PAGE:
In immunology, organ procurement is a surgical procedure that removes organs or tissues for reuse, such as in organ transplantation. It is mired in ethical debate and heavily regulated, but has largely become an accepted medical practice.
The first step of organ procurement is to check the health condition of the organ. If the source is human, most countries require that the source is legally dead for organ transplantation purposes (e.g. cardiac or brain dead) or a voluntary healthy adult for the donation of some organs. Organs cannot be procured after the heart has stopped beating for long time. Thus, a brain dead donor is preferred, but only a small percentage of deaths are brain deaths. Therefore, the majority of human organ sources are post cardiac death.
Donation after cardiac death (DCD) involves surgeons taking organs within minutes of the cessation of respirators and other forms of life support for patients who still have at least some brain activity. DCD had been the norm for organ donors before 'brain death' became the standard in the early 1970s. Since then, most donors have been brain-dead.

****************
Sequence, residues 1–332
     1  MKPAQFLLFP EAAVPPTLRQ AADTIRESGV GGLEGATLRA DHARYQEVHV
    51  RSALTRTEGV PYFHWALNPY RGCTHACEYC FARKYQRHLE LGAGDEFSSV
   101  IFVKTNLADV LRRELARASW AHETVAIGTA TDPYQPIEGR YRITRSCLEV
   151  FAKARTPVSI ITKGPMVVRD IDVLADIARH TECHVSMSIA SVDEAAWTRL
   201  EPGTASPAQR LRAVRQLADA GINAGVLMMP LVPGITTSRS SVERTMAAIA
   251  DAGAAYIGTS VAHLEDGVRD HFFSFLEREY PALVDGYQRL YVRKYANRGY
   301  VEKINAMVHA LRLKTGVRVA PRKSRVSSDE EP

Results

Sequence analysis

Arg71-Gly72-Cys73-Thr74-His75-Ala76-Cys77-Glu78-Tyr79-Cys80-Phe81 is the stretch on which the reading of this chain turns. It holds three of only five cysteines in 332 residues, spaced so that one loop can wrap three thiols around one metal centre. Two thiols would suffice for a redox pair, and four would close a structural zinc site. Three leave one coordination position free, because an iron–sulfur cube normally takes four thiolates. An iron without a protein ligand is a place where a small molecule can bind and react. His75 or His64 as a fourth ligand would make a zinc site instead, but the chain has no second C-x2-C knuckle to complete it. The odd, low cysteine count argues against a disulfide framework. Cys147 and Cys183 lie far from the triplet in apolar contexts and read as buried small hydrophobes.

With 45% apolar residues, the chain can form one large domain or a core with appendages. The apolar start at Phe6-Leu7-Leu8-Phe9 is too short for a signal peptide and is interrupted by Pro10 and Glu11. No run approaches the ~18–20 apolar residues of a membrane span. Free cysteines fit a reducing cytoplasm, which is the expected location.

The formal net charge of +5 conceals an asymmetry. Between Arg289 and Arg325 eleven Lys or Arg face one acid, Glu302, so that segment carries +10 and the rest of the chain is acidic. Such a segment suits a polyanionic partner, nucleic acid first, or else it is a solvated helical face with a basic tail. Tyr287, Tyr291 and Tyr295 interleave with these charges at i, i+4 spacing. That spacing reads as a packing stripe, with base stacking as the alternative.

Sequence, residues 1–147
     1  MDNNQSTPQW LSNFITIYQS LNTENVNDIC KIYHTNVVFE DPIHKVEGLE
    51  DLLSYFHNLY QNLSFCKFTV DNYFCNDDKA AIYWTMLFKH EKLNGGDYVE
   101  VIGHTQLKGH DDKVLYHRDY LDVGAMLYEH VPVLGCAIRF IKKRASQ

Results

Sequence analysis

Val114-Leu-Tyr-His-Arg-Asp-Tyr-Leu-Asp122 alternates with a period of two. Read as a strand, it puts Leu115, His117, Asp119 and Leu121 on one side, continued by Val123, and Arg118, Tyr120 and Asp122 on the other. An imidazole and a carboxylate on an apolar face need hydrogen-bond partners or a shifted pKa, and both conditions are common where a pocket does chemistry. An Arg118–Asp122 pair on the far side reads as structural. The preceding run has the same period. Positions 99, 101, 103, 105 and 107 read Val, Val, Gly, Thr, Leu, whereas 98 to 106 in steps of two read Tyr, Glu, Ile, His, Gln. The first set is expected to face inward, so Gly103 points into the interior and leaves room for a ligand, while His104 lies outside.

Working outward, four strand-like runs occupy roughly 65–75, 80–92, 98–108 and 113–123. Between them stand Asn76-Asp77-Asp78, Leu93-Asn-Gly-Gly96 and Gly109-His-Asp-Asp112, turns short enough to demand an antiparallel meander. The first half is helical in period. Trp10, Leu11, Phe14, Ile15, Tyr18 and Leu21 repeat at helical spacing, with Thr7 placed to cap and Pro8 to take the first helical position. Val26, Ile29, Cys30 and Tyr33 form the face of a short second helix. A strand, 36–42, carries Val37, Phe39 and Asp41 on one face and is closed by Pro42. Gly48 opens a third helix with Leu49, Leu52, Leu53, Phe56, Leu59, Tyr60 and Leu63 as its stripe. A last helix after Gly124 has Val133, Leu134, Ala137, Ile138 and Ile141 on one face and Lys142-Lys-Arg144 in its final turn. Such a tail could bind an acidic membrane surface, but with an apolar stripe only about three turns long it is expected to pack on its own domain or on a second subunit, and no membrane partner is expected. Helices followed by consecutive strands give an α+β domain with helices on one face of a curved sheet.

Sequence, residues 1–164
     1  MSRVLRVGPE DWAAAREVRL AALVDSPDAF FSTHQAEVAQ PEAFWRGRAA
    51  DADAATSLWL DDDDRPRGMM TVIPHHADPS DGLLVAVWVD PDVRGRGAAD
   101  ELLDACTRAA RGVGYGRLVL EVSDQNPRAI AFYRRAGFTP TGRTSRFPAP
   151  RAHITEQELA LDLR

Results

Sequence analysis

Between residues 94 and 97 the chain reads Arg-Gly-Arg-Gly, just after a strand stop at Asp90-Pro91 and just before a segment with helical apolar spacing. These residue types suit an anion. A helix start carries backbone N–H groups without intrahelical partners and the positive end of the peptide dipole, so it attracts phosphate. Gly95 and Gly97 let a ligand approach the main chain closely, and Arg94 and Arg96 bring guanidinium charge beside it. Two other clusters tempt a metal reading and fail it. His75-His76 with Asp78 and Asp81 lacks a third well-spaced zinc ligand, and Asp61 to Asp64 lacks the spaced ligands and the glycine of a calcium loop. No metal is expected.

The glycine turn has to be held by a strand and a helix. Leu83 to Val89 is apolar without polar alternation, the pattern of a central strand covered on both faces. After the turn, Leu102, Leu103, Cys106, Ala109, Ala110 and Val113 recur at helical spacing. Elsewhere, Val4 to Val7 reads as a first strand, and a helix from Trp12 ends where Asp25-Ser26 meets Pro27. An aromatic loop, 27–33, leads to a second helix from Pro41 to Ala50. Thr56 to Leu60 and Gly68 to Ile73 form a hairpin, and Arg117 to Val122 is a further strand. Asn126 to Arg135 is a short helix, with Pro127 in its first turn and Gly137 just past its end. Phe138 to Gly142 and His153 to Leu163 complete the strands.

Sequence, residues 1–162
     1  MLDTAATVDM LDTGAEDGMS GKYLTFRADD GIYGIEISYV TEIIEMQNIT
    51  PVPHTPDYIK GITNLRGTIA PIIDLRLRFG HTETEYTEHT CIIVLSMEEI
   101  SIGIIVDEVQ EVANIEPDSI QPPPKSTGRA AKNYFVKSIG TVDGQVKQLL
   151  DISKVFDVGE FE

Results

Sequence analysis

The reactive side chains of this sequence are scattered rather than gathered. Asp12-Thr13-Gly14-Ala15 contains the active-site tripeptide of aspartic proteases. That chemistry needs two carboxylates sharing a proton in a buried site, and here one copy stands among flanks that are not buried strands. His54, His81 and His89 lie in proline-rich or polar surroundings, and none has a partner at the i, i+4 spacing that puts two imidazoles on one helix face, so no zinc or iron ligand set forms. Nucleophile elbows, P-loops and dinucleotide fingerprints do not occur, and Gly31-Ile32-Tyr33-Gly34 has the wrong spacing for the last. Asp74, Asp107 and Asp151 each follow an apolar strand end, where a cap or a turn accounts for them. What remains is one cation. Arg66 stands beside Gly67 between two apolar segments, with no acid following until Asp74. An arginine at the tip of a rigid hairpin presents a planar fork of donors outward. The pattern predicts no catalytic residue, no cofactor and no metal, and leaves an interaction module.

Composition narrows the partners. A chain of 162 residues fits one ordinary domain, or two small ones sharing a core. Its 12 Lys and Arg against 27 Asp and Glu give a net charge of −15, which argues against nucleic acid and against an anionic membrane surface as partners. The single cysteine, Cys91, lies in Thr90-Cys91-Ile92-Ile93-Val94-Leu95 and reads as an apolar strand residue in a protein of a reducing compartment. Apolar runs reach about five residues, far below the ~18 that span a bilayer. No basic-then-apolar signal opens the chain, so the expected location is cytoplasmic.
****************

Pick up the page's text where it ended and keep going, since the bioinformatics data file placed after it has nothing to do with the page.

If consent is obtained from the source or the source's survivors, the next step is to perform a match between the source (donor) and the target (recipient) to reduce allergies. In the United States, the match between human donors and recipients is coordinated by groups like United Network for Organ Sharing.
Co-ordination between teams working on different organs is often necessary in case of multiple-organ procurement. Multiple-organ procurement models are also developed from slaughtered pigs to reduce the use of laboratory animals.
Quality of the organ then is certified. If the heart stopped beating for too long then the organ becomes unusable and cannot be used for transplant.
After organ procurement the organs are often rushed to destination for emergency transplanting or preserved for later use or study.
As part of the organ transplantation this procedure is part of many ethical debates. The debates are less on donations between relatives, paired exchange or altruistic donation but more on illegal, forced or compensated transplantation like organ theft or organ trade, and to a less degree, on fair organ distribution, animal rights and religious prohibition on consuming some animals such as pork.
- "Tissue and Organ Harvesting". Ncbi.nlm.nih.gov. Retrieved 2014-01-11.
- "Southwest Transplant Alliance" (PDF). Organ.org. Retrieved 2014-02-11.
- Organ Donation after Cardiac Death; Robert Steinbrook, M.D. N Engl J Med 2007; 357:209-213 July 19, 2007 DOI: 10.1056/NEJMp078066
- An improved technique for multiple organ harvesting, TE Starzl, C Miller, B Broznick, Surg Gynecol Obstet. 1987 October; 165(4): 343–348.
- Multiple-organ harvesting for models of isolated hemoperfused organs of slaughtered pigs. C Grosse-Siestrup, C Fehrenberg, H von Baeyer. Dept. and Facilities of Experimental Animal Sciences, Humboldt University of Berlin, Germany